Debate continues, both in the United States and elsewhere as to whether China is a revisionist power or not.9 But a broader consensus exists that China is certainly not a traditional status-quo power. The shades of Chinese revisionism in establishing new institutions and its flagship BRI have encouraged the United States to apply different mechanisms to check China’s rising influence. The United States backing of the Quad 2.0 is a direct reflection of this.
On the other hand, Beijing has projected itself as a more confident power over the last decade. The Chinese leadership has successfully envisioned positioning China as one of the centres of power in the global political and economic structure. For example, the implementation of the “going-out” strategy in the late 1990s was a major development in China’s foreign policy strategy where the main objective was to encourage the Chinese enterprises to invest abroad (Hongying Wang & XueYing Hu 2017). Over the next ten years, China intensively pursued its “going-out” strategy, primarily aiming to expand its maritime outreach in the IOR. Indeed, even though the Chinese narrative tells of how the liberal order, led by the United States and averse to its rise, has attempted to thwart the growth of Chinese power over the last two decades, China continues to exercise caution in not discounting key Asian powers like Japan and India as “Asian partners.” It does so even though Beijing is aware that both these powers are strongly affiliated with the United States and will generally endorse the liberal values of the Washington consensus.
With Hu Jintao’s arrival to power in 2003, China started countering the “China threat” scheme through its “peaceful rise of China” theory, which China later revised to “peaceful development of China.” As a proponent of the “peaceful rise of China” theory, Zheng Bijian’s speech at the Boáo Forum for Asia in 2003 highlighted how China planned to progress internationally while focusing on Asia. He argued, “In today’s world, how can Asian countries – China included – follow a path that serves nobody’s interest? China’s only choice is to strive to rise and, more importantly, to strive for a peaceful rise” (Zheng 2003). A hallmark of this theory was to deepen China’s bilateral relationship with the Asia-Pacific countries, including India (Okuda 2016, p. 125). Hu Jintao’s first term witnessed China advocating its “major developing country” foreign policy proposition, which attempted to avoid a confrontation any Asian power or with the United States (Masuda 2018, pp. 6-7). China also preferred to maintain a “low profile” during Hu Jintao’s first tenure with a modest focus on Asia.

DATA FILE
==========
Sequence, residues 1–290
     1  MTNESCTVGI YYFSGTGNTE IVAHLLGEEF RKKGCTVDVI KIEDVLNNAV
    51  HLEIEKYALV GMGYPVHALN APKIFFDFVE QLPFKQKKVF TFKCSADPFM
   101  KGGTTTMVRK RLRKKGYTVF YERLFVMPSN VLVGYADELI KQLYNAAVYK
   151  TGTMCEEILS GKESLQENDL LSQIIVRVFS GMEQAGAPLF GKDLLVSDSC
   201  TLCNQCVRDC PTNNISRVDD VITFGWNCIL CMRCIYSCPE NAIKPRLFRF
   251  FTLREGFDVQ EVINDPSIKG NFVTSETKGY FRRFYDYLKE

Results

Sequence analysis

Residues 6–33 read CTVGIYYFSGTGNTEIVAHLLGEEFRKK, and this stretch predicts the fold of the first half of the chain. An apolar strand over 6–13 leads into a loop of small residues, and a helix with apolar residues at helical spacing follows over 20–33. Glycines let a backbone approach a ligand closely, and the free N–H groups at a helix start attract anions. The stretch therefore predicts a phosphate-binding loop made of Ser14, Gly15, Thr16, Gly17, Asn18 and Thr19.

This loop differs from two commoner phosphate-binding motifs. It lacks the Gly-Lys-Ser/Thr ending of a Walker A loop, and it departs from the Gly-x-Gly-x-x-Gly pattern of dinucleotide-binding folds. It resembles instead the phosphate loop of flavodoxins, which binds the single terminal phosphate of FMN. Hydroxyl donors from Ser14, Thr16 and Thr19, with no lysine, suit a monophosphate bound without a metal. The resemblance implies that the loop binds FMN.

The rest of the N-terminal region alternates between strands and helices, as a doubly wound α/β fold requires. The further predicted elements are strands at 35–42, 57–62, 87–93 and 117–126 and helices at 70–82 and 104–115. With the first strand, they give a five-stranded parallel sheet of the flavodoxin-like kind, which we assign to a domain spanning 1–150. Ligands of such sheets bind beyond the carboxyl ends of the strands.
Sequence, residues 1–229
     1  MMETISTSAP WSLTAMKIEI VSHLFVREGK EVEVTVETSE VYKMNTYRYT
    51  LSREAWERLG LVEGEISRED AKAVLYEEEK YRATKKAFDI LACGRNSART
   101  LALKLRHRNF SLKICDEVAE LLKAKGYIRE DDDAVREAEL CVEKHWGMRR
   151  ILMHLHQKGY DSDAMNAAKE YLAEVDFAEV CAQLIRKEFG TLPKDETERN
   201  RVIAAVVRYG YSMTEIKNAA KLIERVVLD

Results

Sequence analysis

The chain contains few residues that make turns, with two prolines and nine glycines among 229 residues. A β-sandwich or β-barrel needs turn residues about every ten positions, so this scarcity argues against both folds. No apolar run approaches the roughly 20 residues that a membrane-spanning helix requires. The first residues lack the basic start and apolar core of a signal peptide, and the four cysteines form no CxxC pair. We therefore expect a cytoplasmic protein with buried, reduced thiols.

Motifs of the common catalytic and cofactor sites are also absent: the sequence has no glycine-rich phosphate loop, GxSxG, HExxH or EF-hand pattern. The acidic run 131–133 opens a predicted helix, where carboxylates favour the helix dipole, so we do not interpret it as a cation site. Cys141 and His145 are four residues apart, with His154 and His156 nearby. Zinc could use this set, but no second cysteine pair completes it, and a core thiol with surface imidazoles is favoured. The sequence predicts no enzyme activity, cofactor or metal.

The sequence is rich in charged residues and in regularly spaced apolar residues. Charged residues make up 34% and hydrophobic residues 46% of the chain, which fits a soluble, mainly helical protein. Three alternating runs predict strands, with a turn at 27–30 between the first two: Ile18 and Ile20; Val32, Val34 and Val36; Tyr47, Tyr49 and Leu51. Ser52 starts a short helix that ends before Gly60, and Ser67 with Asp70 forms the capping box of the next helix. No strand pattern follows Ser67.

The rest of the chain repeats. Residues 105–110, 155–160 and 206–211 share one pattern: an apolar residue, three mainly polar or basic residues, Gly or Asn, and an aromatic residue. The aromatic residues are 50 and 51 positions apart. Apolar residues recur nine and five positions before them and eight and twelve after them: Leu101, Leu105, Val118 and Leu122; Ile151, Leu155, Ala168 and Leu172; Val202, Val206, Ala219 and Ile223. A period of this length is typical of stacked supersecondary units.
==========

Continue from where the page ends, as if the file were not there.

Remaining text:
Hu Jintao’s second term, starting from 2008-09, witnessed China emerging as a more confident power in world politics. It did so by successfully hosting the 2008 Summer Olympics and demonstrating a new assertiveness towards the United State, particularly after the global financial crisis. As Hu’s decade in power came to a close, a number of factors, to include China’s rising military posture over Taiwan, China-US military rivalry in the South China Sea, China’s double-digit economic growth and simultaneous growth in military budgets, encouraged the Quad countries to again discuss China’s rise among themselves. The “anti-China” notion emerged as a stronger stance even though the initial Quad consultative forum was meant to mainly address non-traditional security issues in the maritime domain.
India-China Relations vis-à-vis the Quad
Often viewed as a “quintessentially political process” to preserve the CPC’s legitimacy (Ming Xia 2009), China’s rise has been intensely debated across the Asia-Pacific/Indo-Pacific region, both in its domestic and international context. As such, New Delhi’s participation in the Quad should be viewed in this light and understood as a phenomenon of the growing strategic inequity that India faces at present with a dominant China as a neighbour. The Indian outlook towards the Quad is to position itself more with a liberal US-led structure to gain strategic importance in China’s alternative vision of frameworks and also, most plausibly, vice versa. Taken together, the concerns of the US, Japan and India have established a strategic confluence in the region where Australia is seen as a potential partner in the Quad formulation. The Quad’s prospects are, however, heavily dependent upon how India-China relations will evolve in the Indo-Pacific region. For example, a parallel track of engagement was noticed in India’s relationship architecture with China vis-à-vis the Quad members since 2004.